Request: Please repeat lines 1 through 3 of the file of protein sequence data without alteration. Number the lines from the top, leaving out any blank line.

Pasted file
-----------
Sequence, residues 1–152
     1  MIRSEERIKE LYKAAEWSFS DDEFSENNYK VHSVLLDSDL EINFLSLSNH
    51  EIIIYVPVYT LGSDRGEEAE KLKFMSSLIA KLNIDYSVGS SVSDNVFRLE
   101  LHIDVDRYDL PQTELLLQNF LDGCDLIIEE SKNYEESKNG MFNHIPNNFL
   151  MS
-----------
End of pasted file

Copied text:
Sequence, residues 1–152
     1  MIRSEERIKE LYKAAEWSFS DDEFSENNYK VHSVLLDSDL EINFLSLSNH
    51  EIIIYVPVYT LGSDRGEEAE KLKFMSSLIA KLNIDYSVGS SVSDNVFRLE